A massive amount of anti-cycling sentiment in the comments.
148,000 cyclists demand better deal
THE state's growing army of cyclists is demanding a better deal, alarmed that authorities have failed to fund improvements to infrastructure.
A Federal Government survey shows cycling participation increased 43 per cent in South Australia last year and Bicycle SA chief executive Christian Haag said it was now more popular than swimming.
But 2007 figures from the Cycling Promotion Fund show SA spent only $2.20 per head on cycling infrastructure, behind Victoria with $3.70 per head, $4 in Queensland, $4.65 in WA and more than $10 in NSW.
"On one hand we have the Tour Down Under, which screams to the world SA is a great place to come visit, it's a cycle-friendly community," Mr Haag said. "What's not in balance is the funding (difference) that goes from promotion and encouragement for infrastructure."
The tour, and the January comeback of superstar Lance Armstrong, are just two of the factors that have sparked a significant increase in the profile and popularity of cycling in recent years.
Budget-conscious commuters, environmentally minded people wanting pollution-free transport and health professionals urging the public to exploit cycling's many health benefits are also fuelling the trend.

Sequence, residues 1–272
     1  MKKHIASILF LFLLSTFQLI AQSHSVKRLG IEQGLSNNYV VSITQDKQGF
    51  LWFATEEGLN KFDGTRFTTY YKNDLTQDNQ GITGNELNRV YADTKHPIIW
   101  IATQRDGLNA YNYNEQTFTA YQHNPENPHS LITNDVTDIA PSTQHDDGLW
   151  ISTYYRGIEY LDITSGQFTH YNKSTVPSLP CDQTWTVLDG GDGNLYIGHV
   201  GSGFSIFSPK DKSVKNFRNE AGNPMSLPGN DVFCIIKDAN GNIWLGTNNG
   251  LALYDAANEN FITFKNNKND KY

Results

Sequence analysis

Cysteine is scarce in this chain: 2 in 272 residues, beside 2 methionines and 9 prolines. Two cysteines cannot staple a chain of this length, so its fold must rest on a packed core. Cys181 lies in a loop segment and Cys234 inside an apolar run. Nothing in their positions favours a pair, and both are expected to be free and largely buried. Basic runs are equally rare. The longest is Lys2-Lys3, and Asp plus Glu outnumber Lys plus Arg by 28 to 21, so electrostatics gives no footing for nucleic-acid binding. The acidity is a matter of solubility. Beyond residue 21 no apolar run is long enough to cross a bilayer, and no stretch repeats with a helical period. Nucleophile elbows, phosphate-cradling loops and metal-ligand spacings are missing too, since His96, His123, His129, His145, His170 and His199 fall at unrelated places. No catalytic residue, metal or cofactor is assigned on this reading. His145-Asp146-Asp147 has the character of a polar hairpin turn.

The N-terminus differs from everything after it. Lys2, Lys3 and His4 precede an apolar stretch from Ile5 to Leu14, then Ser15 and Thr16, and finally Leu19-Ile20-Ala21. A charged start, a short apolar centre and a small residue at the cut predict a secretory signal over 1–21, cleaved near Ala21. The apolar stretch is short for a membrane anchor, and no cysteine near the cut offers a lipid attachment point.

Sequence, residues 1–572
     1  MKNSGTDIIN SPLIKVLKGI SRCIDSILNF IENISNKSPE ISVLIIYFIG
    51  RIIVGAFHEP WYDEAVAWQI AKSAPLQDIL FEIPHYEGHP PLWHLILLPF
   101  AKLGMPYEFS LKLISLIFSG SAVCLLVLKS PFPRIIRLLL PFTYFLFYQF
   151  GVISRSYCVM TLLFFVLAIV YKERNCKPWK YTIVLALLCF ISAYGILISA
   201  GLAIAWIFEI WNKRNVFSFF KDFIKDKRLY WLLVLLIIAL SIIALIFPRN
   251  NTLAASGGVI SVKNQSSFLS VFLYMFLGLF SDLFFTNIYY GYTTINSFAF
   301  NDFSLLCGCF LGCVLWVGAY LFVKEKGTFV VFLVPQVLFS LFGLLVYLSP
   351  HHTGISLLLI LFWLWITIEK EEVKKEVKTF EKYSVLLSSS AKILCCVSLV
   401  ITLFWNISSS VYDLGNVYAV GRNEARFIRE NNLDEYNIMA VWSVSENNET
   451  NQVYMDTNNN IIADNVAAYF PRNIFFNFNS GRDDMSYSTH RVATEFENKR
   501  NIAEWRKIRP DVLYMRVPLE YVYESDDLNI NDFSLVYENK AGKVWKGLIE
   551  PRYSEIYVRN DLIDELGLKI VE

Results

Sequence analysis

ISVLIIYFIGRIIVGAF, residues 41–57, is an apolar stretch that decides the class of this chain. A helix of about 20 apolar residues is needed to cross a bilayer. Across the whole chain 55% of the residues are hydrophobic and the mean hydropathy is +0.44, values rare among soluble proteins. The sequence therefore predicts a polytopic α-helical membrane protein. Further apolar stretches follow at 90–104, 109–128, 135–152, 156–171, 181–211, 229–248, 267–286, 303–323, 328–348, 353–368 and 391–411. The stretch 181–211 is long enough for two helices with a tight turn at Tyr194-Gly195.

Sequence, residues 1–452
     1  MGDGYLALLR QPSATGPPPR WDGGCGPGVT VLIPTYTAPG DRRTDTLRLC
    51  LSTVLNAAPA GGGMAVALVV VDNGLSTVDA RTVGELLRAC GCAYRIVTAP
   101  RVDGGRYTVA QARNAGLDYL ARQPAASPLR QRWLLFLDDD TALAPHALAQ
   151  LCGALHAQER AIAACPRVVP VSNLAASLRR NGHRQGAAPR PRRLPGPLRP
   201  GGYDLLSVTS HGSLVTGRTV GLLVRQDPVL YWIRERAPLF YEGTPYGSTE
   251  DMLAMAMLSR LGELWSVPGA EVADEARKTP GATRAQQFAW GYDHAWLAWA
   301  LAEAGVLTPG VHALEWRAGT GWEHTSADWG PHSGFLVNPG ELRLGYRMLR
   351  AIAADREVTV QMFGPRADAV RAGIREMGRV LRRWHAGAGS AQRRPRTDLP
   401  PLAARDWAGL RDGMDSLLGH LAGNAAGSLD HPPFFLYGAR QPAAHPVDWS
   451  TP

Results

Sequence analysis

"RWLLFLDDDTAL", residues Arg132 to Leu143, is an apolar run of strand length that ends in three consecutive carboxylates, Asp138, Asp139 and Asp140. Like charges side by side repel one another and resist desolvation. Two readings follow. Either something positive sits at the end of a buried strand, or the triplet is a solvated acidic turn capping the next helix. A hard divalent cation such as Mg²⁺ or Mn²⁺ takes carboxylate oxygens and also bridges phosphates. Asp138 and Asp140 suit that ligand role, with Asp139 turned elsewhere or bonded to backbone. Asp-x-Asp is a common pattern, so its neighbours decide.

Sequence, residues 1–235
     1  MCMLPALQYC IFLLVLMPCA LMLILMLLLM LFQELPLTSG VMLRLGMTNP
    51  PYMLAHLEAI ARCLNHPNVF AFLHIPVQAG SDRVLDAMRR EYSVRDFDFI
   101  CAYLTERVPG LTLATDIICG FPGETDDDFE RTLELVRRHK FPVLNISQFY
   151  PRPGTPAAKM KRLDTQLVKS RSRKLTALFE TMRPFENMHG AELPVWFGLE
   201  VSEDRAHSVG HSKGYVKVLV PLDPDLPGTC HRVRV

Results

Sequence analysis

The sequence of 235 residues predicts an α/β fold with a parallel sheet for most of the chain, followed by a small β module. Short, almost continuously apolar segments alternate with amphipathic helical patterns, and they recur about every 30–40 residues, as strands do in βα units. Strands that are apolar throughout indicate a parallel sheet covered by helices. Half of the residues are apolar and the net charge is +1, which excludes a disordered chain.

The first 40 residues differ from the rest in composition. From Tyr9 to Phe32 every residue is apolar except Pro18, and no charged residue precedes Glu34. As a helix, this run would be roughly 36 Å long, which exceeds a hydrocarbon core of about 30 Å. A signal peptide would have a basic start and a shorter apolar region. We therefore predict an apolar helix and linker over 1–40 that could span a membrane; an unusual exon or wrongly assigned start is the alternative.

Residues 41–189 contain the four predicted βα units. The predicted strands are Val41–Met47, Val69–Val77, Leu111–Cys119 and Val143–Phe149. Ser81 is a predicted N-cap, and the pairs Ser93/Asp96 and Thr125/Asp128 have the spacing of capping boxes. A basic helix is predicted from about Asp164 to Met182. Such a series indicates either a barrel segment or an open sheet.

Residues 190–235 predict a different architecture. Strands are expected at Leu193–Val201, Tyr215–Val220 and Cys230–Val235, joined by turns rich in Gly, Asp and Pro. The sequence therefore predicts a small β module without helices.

But Mr Haag said deficiencies in the state's bike infrastructure - mainly, a lack of a cohesive network of bike lanes - could be deterring more potential cyclists from getting on their bikes.
Bicycle SA, which represents the state's 148,000 cyclists, is calling for action on behalf of riders who are tired of bike lanes ending suddenly, forcing them to face traffic at busy intersections.
"What we see is that there was a large amount of bike infrastructure going down with the previous government and the current Government's maintained that strategy.
However, the funding levels of previous years are less than we'd have liked," Mr Haag said. "There's been no CPI increase, so there's a real-dollar-term decrease."
The Federal Government last week announced $5.7 million in funding for new bicycle infrastructure in SA.
Transport Minister Patrick Conlon's spokesman said the Government spent $95 million on cycling-related projects since 2002 with a further $3.9 million in 2009-2010.
In Queensland, Brisbane City Council is spending $100 million over four years on bicycle infrastructure. The WA government has committed $72 million and Victoria has invested $28.2 million in its bike and pedestrian network.